musicThe surprise winners of the Mercury Prize – and a very brief acceptance speech
Arts and Entertainment
TV Presenters Ant McPartlin and Dec Donnelly. Winners of the 'Entertainment Programme' award for 'Ant and Dec's Saturday Night Takeaway'
musicAnt and Dec confirmed as hosts of next year's Brit Awards
Arts and Entertainment
Orson Welles made Citizen Kane at 25, and battled with Hollywood film studios thereafter
film
News
video
Latest stories from i100
Have you tried new the Independent Digital Edition apps?
Independent Dating
and  

By clicking 'Search' you
are agreeing to our
Terms of Use.

iJobs Job Widget
iJobs General

Primary Teachers Required in King's Lynn

Negotiable: Randstad Education Cambridge: Primary Teachers needed in King's Ly...

Primary Teachers needed in Ely

Negotiable: Randstad Education Cambridge: Primary Teacher needed in the Ely ar...

Teaching Assistant to work with Autistic students

£60 - £65 per day: Randstad Education Leicester: Randstad Education Leicester ...

KS2 Teacher

Negotiable: Randstad Education Cambridge: KS2 Teacher needed in Peterborough a...

Day In a Page

Isis in Syria: A general reveals the lack of communication with the US - and his country's awkward relationship with their allies-by-default

A Syrian general speaks

A senior officer of Bashar al-Assad’s regime talks to Robert Fisk about his army’s brutal struggle with Isis, in a dirty war whose challenges include widespread atrocities
‘A bit of a shock...’ Cambridge economist with Glasgow roots becomes Zambia’s acting President

‘A bit of a shock...’ Economist with Glasgow roots becomes Zambia’s acting President

Guy Scott's predecessor, Michael Sata, died in a London hospital this week after a lengthy illness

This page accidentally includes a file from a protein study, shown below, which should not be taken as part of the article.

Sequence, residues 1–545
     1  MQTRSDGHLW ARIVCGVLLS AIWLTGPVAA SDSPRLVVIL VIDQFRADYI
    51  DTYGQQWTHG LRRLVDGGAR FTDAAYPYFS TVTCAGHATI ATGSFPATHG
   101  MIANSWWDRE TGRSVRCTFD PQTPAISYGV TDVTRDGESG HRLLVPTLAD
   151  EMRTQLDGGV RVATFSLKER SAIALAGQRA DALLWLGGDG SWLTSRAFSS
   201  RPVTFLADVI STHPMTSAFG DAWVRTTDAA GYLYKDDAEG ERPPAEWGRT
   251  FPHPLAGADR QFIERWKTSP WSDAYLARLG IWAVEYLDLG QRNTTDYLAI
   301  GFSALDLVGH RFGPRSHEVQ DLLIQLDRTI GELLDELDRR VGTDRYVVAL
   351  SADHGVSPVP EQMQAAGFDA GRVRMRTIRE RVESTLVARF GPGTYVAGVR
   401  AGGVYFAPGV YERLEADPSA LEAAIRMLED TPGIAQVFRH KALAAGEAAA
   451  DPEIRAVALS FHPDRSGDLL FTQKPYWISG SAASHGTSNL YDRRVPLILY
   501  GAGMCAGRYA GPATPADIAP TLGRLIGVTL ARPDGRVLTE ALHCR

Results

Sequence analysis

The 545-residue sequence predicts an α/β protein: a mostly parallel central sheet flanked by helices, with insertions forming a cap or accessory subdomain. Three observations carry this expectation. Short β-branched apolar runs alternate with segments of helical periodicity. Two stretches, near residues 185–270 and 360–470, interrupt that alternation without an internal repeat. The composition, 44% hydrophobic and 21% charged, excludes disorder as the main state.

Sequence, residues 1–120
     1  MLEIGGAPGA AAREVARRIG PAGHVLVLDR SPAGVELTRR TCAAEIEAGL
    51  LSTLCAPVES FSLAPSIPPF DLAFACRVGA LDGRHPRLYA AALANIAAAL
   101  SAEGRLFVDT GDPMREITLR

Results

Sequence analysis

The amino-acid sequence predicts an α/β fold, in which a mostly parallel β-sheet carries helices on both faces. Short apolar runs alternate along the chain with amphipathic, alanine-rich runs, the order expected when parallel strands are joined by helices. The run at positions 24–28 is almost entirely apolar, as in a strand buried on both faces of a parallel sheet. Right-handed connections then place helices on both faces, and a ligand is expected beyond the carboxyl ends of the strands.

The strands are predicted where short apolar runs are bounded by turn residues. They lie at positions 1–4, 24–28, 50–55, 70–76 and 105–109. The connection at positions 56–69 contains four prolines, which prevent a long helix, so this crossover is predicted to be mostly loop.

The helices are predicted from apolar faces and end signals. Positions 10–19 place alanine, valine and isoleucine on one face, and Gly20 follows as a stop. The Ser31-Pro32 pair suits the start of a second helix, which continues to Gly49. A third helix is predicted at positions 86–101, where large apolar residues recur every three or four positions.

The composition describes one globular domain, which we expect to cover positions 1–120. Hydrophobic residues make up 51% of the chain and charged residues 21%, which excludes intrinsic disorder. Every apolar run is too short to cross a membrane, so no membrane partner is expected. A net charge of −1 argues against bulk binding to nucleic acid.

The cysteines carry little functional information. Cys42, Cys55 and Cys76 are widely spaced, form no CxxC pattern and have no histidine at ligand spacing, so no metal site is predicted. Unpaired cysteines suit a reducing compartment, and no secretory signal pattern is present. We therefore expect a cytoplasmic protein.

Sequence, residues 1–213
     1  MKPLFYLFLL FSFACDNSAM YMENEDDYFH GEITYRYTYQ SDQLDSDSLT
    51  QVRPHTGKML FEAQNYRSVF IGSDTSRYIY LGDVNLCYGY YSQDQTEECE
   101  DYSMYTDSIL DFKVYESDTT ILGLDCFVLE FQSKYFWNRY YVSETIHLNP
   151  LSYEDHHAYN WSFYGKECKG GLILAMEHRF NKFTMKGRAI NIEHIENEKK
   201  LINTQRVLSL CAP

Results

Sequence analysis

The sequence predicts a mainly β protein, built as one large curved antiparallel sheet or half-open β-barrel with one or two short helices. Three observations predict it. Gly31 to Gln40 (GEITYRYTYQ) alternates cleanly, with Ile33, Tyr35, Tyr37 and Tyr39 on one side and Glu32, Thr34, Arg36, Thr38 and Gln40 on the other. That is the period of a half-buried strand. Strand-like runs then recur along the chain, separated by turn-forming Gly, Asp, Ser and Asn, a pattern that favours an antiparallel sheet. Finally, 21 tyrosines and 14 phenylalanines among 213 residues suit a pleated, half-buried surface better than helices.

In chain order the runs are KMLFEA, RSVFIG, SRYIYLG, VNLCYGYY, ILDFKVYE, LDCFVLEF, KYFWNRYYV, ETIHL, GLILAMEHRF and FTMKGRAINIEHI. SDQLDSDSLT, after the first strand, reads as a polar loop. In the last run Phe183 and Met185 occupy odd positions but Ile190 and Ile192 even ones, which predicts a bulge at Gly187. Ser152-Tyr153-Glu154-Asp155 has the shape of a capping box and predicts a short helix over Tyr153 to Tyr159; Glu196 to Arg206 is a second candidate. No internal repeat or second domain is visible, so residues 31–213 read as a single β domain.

Fall of the Berlin Wall: History catches up with Erich Honecker - the East German leader who praised the Iron Curtain and claimed it prevented a Third World War

Fall of the Berlin Wall

History catches up with Erich Honecker - the East German leader who praised the Iron Curtain and claimed it prevented a Third World War
How to turn your mobile phone into easy money

Turn your mobile phone into easy money

There are 90 million unused mobiles in the UK, which would be worth £7bn if we cashed them in, says David Crookes
Independent writers remember their Saturday jobs:

Independent writers remember their Saturday jobs

"I have never regarded anything I have done in "the media" as a proper job"
Lyricist Richard Thomas shares his 11-step recipe for creating a hit West End musical

11-step recipe for creating a West End hit

Richard Thomas, the lyricist behind the Jerry Springer and Anna Nicole Smith operas, explains how Bob Dylan, 'Breaking Bad' and even Noam Chomsky inspired his songbook for the new musical 'Made in Dagenham'
Tonke Dragt's The Letter for the King has finally been translated into English ... 50 years on

Buried treasure: The Letter for the King

The coming-of-age tale about a boy and his mission to save a mythical kingdom has sold a million copies since it was written by an eccentric Dutchwoman in 1962. Yet until last year, no one had read it in English
Can instilling a sense of entrepreneurship in pupils have a positive effect on their learning?

The school that means business

Richard Garner heads to Lancashire, where developing the 'dragons' of the future is also helping one community academy to achieve its educational goals
10 best tablets

The world in your pocket: 10 best tablets

They’re thin, they’re light, you can use them for work on the move or keeping entertained
Lutz Pfannenstiel: The goalkeeper who gave up Bayern Munich for the Crazy Gang, Bradford and a whirlwind trawl across continents

Lutz Pfannenstiel interview

The goalkeeper who gave up Bayern Munich for the Crazy Gang, Bradford and a whirlwind trawl across continents
Pete Jenson: Popular Jürgen Klopp can reignite Borussia Dortmund’s season with visit to Bayern Munich

Pete Jenson's a Different League

Popular Klopp can reignite Dortmund’s season with visit to Bayern
John Cantlie video proves that Isis expects victory in Kobani

Cantlie video proves that Isis expects victory in Kobani

The use of the British hostage demonstrates once again the militants' skill and originality in conducting a propaganda war, says Patrick Cockburn
The killer instinct: The man who helps students spot potential murderers

The killer instinct

Phil Chalmers travels the US warning students how to spot possible future murderers, but can his contentious methods really stop the bloodshed?
Clothing the gap: A new exhibition celebrates women who stood apart from the fashion herd

Clothing the gap

A new exhibition celebrates women who stood apart from the fashion herd
Fall of the Berlin Wall: Goodbye to all that - the lost world beyond the Iron Curtain

The Fall of the Berlin Wall

Goodbye to all that - the lost world beyond the Iron Curtain